Quantum spintronics - engineering and manipulating atom-like spins in semiconductors

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  • DOI: 10.1126/science.1231364 , 1174 (2013);339Science et al.David D. Awschalom Spins in Semiconductors Quantum Spintronics: Engineering and Manipulating Atom-Like This copy is for your personal, non-commercial use only. clicking here.colleagues, clients, or customers by , you can order high-quality copies for yourIf you wish to distribute this article to others here.following the guidelines can be obtained byPermission to republish or repurpose articles or portions of articles ):April 17, 2014www.sciencemag.org (this information is current as of The following resources related to this article are available online at http://www.sciencemag.org/content/339/6124/1174.full.html version of this article at: including high-resolution figures, can be found in the onlineUpdated information and services, http://www.sciencemag.org/content/suppl/2013/03/07/339.6124.1174.DC1.html can be found at:Supporting Online Material http://www.sciencemag.org/content/339/6124/1174.full.html#related found at: can berelated to this articleA list of selected additional articles on the Science Web sites http://www.sciencemag.org/content/339/6124/1174.full.html#ref-list-1 , 14 of which can be accessed free:cites 56 articlesThis article http://www.sciencemag.org/content/339/6124/1174.full.html#related-urls 1 articles hosted by HighWire Press; see:cited byThis article has been http://www.sciencemag.org/cgi/collection/physics Physics subject collections:This article appears in the following registered trademark of AAAS. is aScience2013 by the American Association for the Advancement of Science; all rights reserved. The title CopyrightAmerican Association for the Advancement of Science, 1200 New York Avenue NW, Washington, DC 20005. (print ISSN 0036-8075; online ISSN 1095-9203) is published weekly, except the last week in December, by theScience onApril17,2014www.sciencemag.orgDownloadedfromonApril17,2014www.sciencemag.orgDownloadedfromonApril17,2014www.sciencemag.orgDownloadedfromonApril17,2014www.sciencemag.orgDownloadedfromonApril17,2014www.sciencemag.orgDownloadedfromonApril17,2014www.sciencemag.orgDownloadedfromonApril17,2014www.sciencemag.orgDownloadedfrom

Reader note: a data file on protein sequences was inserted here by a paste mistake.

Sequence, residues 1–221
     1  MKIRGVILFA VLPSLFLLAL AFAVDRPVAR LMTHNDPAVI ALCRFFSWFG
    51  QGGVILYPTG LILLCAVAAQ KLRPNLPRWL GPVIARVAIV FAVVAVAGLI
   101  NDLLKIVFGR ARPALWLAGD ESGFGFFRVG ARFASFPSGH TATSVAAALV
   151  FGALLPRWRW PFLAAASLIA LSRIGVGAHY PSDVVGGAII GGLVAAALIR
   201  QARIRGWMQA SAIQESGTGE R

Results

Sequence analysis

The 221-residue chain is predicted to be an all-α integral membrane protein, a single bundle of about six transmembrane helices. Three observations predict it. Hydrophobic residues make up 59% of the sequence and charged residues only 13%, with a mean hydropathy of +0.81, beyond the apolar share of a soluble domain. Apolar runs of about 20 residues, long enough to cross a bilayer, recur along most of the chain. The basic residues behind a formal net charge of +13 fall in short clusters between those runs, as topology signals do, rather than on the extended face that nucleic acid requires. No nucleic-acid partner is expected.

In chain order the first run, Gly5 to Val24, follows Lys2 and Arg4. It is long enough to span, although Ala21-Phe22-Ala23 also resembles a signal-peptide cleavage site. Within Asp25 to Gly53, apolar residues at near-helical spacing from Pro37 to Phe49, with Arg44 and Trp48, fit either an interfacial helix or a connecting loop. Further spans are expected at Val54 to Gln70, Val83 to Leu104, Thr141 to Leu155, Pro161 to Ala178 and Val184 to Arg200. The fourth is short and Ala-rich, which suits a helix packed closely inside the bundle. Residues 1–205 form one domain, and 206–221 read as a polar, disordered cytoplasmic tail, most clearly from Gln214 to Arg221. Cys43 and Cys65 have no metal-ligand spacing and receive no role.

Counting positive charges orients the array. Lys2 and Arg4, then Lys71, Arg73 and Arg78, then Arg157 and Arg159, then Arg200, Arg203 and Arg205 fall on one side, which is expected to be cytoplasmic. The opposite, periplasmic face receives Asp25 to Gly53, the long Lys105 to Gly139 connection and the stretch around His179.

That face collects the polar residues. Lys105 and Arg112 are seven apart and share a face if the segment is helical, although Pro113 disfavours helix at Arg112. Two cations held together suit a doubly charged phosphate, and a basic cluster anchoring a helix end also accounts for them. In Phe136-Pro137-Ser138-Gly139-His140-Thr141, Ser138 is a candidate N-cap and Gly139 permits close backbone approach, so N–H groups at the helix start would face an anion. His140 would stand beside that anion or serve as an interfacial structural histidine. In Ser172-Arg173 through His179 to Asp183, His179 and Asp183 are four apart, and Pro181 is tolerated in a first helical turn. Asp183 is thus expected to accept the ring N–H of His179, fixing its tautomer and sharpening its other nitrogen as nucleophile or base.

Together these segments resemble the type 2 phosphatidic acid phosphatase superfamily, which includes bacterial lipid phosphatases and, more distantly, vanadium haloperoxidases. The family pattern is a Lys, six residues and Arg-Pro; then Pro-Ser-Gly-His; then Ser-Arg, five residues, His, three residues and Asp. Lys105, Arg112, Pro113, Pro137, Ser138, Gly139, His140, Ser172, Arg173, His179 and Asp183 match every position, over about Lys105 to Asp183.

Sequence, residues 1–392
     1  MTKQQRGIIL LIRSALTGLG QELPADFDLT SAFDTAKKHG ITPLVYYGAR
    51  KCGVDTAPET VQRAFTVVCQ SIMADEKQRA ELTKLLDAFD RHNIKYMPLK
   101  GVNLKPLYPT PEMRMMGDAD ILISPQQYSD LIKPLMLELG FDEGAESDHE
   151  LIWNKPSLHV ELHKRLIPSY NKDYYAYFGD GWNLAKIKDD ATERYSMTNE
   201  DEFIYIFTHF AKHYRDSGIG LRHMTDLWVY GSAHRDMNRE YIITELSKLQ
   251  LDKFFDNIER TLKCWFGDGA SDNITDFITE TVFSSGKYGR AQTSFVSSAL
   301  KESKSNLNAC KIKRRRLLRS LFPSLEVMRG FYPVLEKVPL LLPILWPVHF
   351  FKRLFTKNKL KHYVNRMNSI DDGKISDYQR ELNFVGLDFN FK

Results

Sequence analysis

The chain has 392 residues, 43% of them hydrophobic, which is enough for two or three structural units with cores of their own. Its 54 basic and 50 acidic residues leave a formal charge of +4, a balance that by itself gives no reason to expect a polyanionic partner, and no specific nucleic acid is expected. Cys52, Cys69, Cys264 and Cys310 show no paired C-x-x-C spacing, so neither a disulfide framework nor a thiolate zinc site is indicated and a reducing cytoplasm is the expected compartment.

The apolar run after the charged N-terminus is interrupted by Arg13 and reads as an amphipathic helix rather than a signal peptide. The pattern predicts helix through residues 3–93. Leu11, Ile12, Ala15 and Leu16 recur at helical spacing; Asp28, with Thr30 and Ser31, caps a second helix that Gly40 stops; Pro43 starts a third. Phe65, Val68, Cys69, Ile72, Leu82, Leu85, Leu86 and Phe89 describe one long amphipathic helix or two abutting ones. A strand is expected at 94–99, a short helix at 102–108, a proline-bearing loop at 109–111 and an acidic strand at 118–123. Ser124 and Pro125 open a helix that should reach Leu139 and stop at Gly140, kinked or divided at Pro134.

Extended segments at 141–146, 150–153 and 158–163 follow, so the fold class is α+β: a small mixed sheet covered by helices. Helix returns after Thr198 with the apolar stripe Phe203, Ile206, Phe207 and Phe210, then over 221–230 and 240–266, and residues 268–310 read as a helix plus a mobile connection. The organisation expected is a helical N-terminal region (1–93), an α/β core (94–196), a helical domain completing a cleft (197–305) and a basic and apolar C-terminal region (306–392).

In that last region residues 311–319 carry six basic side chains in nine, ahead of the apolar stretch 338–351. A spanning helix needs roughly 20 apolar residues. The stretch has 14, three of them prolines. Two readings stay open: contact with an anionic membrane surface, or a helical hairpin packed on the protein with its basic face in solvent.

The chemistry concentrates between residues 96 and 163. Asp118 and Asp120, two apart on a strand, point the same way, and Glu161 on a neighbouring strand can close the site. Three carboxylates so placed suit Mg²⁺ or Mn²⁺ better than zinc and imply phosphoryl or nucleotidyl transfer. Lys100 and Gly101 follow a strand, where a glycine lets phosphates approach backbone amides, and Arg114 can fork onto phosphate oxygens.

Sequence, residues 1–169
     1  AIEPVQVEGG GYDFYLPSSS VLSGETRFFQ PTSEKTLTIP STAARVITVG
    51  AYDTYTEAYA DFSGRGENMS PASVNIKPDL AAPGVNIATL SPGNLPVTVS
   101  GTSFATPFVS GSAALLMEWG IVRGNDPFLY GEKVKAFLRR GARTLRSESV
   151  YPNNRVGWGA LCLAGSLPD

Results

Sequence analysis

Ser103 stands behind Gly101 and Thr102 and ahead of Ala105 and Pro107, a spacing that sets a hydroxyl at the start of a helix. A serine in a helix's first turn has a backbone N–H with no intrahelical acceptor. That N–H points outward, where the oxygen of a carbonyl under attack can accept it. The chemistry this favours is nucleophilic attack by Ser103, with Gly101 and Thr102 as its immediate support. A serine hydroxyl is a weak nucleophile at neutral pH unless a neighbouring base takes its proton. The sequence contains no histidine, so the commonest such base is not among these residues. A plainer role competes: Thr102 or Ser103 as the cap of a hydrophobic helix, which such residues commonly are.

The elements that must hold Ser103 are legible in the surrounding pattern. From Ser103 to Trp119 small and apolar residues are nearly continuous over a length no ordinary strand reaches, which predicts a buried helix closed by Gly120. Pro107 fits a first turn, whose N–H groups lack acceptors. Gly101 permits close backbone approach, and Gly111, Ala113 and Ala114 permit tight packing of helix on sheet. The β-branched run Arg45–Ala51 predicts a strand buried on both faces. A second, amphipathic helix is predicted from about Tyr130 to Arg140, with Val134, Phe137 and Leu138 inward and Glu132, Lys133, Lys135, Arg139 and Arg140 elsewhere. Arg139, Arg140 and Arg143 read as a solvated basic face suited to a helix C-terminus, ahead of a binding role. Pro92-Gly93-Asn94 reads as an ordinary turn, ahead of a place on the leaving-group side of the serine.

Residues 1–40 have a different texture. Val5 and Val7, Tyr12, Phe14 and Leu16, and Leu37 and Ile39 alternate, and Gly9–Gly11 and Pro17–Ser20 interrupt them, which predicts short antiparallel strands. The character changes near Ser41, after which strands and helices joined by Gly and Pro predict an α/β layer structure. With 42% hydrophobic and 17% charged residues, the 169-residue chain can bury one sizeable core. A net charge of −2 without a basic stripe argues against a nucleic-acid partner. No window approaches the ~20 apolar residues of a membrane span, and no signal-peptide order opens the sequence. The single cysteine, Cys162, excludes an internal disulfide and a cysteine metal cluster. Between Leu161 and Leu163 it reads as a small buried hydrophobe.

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Frunzio, S. Girvin, L. Glazman, and L. Jiang for their contributions. Supported by the U.S. Army Research Office, U.S. National Security Agency Laboratory for Physical Science, U.S. Intelligence Advanced Research Projects Activity, NSF, and Yale University. 10.1126/science.1231930 REVIEW Quantum Spintronics: Engineering and Manipulating Atom-Like Spins in Semiconductors David D. Awschalom,1 * Lee C. Bassett,1 Andrew S. Dzurak,2 Evelyn L. Hu,3 Jason R. Petta4 The past decade has seen remarkable progress in isolating and controlling quantum coherence using charges and spins in semiconductors. Quantum control has been established at room temperature, and electron spin coherence times now exceed several seconds, a nineorder-of-magnitude increase in coherence compared with the first semiconductor qubits. These coherence times rival those traditionally found only in atomic systems, ushering in a new era of ultracoherent spintronics. We review recent advances in quantum measurements, coherent control, and the generation of entangled states and describe some of the challenges that remain for processing quantum information with spins in semiconductors. I n a marriage of quantum physics, informa- tion theory, and nanoscale engineering, quan- tum information science endeavors to build machines that can use the power of quantum me- chanics for practical purposes. Such machines have great potential, including cryptography guaran- teed by the laws of physics, quantum-enhanced sensing and imaging technology, and quantum computers able to crack problems inaccessible to even the most powerful classical computers of the foreseeable future. The complexity of building quantum machines is a fantastic challenge, and recent years have seen a vast array of proposals for quantum infor- mation processing in diverse systems. Although specific requirements vary considerably, there are a few generalized prerequisites for quantum com- puters (1). The target quantum system must be controllable, in the sense that it can be initialized, manipulated, and read out to achieve a compu- tation; it must be correctable, such that unavoid- able errors can be detected and compensated; and it must be scalable, such that a linear increase in the effective size of the systemcorresponding to an exponential increase in computing power does not require an exponential increase of re- sources. The first two requirements require some degree of isolation of the quantum system from its environment, to keep quantum information from leaking away (decohering) at a rate faster than the computation is achieved. Because no system is entirely free of decoherence, the goal of most approaches is to balance the need for iso- lation with the ability to accurately and quickly control the